It was with her second son, Holt, in 2012 that she had major complications.
Based on Miller’s first pregnancy, she was very excited that she made it to 32 weeks without any issues, but at 33 weeks she didn’t feel well.
Her doctor told her to rest and take ibuprofen which was part of her regimen for preterm labor.
For a few days, she was able to manage her pain this way. Then she woke up in a tremendous amount of pain.
“I knew I wasn’t in labor, but I knew the pain that I was having was not right,” Miller said.
Then she, her husband, and Reid packed up and went to the hospital. Miller was unable to walk on her own, her body temperature was at 92.3 and she was septic, but the doctors weren’t sure why.
“I’m deteriorating,” Miller recalled. “It’s causing the baby to become distressed.”
Getting emotional support when diagnosed with esophageal cancer
Holt was born seven weeks premature via an emergency c-section and rushed off to the newborn intensive care unit. While Miller was still on the operating table, she went into respiratory arrest. Then a code blue was called meaning she was no longer responsive. She was intubated and placed on life support.
A CAT scan showed her diaphragm had ruptured and her small intestine herniated into her chest, causing her lung to collapse and putting pressure on her heart.
Once surgeons opened Miller up, they found that the intestine that had gone into her chest cavity was dead.
Surgeons repaired her diaphragm, re-inflated her lung, and removed 85% of her small intestine.
The average adult has 900 cm of small intestine. Miller now has 139 cm.
Following surgery, she was on life support for 12 hours.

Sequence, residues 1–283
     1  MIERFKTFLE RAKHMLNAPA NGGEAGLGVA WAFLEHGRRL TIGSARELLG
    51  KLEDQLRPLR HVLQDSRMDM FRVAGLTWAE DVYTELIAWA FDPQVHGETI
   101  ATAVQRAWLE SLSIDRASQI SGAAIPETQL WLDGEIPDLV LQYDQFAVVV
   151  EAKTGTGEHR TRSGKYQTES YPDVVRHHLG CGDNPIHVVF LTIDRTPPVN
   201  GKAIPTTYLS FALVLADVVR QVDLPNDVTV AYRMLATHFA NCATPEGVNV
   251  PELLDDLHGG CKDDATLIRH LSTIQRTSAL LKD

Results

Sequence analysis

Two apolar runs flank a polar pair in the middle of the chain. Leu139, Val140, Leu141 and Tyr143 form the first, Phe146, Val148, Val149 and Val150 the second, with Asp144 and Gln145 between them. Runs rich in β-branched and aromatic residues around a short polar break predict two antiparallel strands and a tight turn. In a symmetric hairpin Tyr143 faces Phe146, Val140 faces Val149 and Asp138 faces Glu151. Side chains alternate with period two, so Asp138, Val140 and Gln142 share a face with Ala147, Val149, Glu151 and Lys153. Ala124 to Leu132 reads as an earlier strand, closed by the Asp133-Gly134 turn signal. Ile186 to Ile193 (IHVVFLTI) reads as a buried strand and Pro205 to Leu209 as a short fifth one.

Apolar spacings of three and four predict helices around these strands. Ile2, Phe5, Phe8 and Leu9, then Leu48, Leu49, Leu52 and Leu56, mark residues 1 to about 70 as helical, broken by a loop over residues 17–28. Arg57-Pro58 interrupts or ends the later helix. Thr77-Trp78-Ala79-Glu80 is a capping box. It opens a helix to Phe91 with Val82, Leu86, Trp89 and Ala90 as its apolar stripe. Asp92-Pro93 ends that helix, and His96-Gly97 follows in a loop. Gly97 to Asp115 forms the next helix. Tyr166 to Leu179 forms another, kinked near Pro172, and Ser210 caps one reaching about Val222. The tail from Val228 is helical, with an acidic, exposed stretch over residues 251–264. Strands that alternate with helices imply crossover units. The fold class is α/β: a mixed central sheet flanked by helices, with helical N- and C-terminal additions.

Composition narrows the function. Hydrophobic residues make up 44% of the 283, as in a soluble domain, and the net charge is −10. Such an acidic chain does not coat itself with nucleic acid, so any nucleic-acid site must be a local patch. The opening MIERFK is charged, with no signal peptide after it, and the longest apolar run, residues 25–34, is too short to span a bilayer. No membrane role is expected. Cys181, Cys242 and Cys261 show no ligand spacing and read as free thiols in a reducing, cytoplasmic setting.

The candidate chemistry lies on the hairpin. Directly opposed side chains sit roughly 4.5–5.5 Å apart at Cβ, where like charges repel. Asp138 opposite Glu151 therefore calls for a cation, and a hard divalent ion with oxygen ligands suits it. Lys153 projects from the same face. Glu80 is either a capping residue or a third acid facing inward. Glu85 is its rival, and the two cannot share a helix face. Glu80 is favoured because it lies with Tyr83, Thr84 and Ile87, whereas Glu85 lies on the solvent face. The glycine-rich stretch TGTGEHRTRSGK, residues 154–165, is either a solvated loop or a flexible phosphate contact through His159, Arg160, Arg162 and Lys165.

At that point, doctors weren’t sure if Miller was going to be able to eat on her own ever again. They also had expected her to stay at the hospital for three months, but she was there for two weeks.
Holt was born on April 1, 2012.
“His birthday is no joke,” Miller said.
She said it’s possible that the surgery she had at the end of her cancer treatment played a part in the emergency she had while giving birth to Holt.
Following his birth, she spoke to the surgeon that did her esophagectomy with a gastric pull-through. That surgeon said, “It was done in a way that would have left room for the shifting of the organs.” So when she was pregnant with Reid, “things got shifted around, moved, pushed, all of that, and then with the second one it moved and pushed so much that it caused the space that was left around the diaphragm to rupture.”
Eight months after Holt was born, Miller and her husband separated. They are now divorced. “I have no ill feelings toward him,” she said. “We both experienced the same thing, but we experienced it in very different ways. So for him, it was,’ I’ve had to watch you almost die twice.’ And for me, it’s ‘Oh my gosh, I’ve overcome almost dying twice.’ The second one was just too much.”
Miller has lived 18 years past her diagnosis date and she has been cancer free for 15 years. “It’s been an incredible journey,” she said. Reid will be a freshman this fall in high school and is on the hockey team and also plays baseball. Holt will be in fifth grade and he plays soccer and hockey.
“We are so fortunate to have such excellent health care in St. Louis, “Miller said. I owe those hospitals and all those doctors so much.”